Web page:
SA Liberals choose new deputy premier

Dan van Holst Pellekaan has signalled his intention to stand in the ballot for SA deputy premier.
Dan van Holst Pellekaan has signalled his intention to stand in the ballot for SA deputy premier.

Industry Minister Dan van Holst Pellekaan has been confirmed as South Australia's new deputy premier.

Mr van Holst Pellekaan's appointment came at a meeting of Liberal lower house MPs on Thursday.

He has been acting in the role since Vickie Chapman stood aside and subsequently resigned from the role earlier this week.

Ms Chapman is facing an ombudsman's inquiry over her handling, as then planning minister, of a proposal to build a deep sea port on Kangaroo Island.

Mr van Holst Pellekaan defeated Environment Minister David Speirs in the deputy leadership ballot.

Premier Steven Marshall said his new deputy had been a conscientious, hardworking and invaluable member of the cabinet.

"He is a valuable colleague and a stoic advocate for our regions and I'm looking forward to working with him closely on delivering the things that matter most to the people of South Australia," Mr Marshall said.

"Dan has led the state out of South Australia's darkest days of blackouts and skyrocketing energy prices to stabilise our electricity system.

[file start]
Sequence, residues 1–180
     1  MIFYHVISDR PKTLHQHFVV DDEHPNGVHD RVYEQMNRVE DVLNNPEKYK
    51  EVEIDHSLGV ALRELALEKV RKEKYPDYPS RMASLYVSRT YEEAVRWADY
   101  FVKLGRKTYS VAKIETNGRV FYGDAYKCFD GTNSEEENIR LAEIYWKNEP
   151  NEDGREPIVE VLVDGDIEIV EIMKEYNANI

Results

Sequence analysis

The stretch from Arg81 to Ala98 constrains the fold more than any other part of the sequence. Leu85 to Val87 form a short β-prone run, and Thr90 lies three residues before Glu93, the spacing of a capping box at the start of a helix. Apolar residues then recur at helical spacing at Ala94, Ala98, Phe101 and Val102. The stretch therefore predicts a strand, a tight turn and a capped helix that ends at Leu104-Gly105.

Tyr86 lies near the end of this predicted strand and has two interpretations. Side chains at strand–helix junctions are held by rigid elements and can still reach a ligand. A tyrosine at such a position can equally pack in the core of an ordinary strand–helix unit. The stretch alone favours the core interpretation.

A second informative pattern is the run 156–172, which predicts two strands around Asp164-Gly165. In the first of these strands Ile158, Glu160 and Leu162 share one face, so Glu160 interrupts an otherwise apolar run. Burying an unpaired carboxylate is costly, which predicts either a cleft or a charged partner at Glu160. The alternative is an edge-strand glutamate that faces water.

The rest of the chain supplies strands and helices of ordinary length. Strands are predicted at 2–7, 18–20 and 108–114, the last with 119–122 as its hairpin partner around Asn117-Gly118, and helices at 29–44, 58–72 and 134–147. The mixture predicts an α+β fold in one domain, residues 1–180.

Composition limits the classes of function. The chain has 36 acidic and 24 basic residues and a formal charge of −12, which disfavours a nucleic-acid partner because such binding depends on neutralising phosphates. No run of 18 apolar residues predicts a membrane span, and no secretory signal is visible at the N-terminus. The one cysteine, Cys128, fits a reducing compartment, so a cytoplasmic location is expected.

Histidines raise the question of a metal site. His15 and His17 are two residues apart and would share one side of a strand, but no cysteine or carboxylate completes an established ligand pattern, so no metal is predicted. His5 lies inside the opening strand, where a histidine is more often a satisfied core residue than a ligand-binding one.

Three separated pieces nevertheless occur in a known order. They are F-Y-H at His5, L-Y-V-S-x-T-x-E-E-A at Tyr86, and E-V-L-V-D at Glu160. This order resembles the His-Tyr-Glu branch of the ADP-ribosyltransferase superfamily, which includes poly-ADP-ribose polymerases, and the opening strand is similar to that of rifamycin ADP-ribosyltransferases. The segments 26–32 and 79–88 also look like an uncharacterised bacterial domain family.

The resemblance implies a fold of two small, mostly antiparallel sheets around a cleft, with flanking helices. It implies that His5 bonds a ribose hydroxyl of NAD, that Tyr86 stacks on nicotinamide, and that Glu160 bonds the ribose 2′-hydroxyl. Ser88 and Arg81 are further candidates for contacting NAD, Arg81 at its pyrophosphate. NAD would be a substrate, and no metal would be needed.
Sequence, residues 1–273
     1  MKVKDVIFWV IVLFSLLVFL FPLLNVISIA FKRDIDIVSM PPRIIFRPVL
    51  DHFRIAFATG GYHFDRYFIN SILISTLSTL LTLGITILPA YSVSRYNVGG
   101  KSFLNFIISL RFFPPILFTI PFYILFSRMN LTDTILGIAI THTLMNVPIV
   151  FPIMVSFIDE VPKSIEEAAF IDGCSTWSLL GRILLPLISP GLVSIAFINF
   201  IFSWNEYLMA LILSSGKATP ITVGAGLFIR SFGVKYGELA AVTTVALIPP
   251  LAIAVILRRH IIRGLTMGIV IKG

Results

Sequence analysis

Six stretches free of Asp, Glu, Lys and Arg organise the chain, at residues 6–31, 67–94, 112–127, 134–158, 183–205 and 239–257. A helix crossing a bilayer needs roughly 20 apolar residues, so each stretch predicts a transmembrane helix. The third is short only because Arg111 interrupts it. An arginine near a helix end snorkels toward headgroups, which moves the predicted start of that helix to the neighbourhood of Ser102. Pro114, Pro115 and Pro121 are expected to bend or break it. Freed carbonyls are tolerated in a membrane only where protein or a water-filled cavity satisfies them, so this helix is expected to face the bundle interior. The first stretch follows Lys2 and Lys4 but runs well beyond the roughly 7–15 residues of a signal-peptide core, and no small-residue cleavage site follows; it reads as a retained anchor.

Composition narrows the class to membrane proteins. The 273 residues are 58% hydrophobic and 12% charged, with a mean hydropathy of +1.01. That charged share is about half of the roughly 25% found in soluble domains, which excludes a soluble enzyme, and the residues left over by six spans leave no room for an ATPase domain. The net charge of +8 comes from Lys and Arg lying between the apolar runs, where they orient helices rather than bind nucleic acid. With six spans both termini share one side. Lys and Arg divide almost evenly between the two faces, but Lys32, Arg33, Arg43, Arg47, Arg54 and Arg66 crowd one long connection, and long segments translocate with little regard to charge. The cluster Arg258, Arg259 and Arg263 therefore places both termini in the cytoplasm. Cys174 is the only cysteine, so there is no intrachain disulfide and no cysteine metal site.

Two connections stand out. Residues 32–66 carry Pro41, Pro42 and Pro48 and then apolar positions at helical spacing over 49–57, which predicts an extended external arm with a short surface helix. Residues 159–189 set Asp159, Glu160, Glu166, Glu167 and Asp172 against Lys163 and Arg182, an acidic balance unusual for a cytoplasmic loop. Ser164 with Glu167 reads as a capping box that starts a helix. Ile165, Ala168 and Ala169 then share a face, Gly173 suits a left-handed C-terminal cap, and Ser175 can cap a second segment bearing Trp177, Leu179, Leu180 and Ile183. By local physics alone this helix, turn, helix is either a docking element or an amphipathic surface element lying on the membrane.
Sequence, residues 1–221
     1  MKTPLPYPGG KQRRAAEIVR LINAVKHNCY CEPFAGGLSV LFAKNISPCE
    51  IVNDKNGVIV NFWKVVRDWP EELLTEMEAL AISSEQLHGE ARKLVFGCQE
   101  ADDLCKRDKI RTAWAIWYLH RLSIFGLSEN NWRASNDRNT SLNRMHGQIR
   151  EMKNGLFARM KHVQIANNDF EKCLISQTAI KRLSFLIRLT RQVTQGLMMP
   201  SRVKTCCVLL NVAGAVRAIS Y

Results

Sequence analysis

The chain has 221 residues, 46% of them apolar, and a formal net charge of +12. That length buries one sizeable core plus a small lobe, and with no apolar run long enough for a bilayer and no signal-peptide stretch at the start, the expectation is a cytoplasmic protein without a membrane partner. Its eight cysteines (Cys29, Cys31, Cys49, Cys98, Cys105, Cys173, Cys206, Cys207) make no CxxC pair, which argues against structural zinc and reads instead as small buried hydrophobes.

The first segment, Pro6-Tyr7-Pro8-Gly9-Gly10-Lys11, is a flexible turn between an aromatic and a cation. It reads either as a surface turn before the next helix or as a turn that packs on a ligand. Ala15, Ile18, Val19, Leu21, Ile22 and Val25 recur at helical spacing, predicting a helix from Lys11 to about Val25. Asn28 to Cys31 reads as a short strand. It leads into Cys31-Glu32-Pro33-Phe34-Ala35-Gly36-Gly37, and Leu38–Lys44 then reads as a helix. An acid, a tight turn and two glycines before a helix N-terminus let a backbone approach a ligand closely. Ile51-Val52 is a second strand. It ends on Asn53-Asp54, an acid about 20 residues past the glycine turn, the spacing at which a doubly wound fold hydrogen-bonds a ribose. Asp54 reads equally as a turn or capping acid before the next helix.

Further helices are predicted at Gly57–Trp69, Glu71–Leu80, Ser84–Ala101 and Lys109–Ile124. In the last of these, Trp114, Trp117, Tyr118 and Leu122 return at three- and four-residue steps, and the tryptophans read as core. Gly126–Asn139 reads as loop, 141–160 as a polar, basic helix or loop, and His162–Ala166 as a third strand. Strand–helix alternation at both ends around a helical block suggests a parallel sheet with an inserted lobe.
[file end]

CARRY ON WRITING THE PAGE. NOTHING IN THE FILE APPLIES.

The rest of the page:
"He has also provided strong, decisive leadership for South Australia's vibrant energy and mining sectors."

As well as relinquishing the deputy's role, Ms Chapman also gave up the planning and local government portfolios and stood aside as attorney-general.

She technically remains in the Liberal ministry but has no responsibilities, will not take part in cabinet meetings and will forgo the extra pay ministers usually receive.

Her decisions came amid ongoing conflict of interest claims and a no-confidence motion in parliament last week.

The motion came after a parliamentary committee found she had, on at least three occasions, misled the house over a Kangaroo Island development.

Despite repeatedly maintaining she had done nothing wrong, Ms Chapman said she would stand aside to allow SA Ombudsman Wayne Lines to conduct an independent investigation into her rejection in August of the application to build a $40 million port on the island's north coast.

It was recently revealed her family owned property was near a timber plantation that would have been logged and trucked to the proposed port.

"I maintain that I have made the right decision in respect of the KI seaport proposal and that I had no conflict of interest, actual or perceived," she said in a statement.

Mr Marshall said Ms Chapman continued to have his full support and he looked forward to her return to cabinet as attorney-general.

While in another development on Thursday, Mr Lines indicated he would consider delegating the investigation to someone outside his office if it was considered he had a conflict of interest in examining Ms Chapman's actions.

He said that could arise from relationships his office had with the Attorney-General's Department which employed his staff, and also because he had met with Ms Chapman from time to time to discuss operational matters.

"My view is that none of these relationships give rise to an actual conflict of interest," Mr Lines said.

"To the extent that these relationships may give rise to a perceived conflict of interest, I consider that any such conflicts have and will be appropriately managed so as not to impact on the impartiality and independence of my investigation."

Australian Associated Press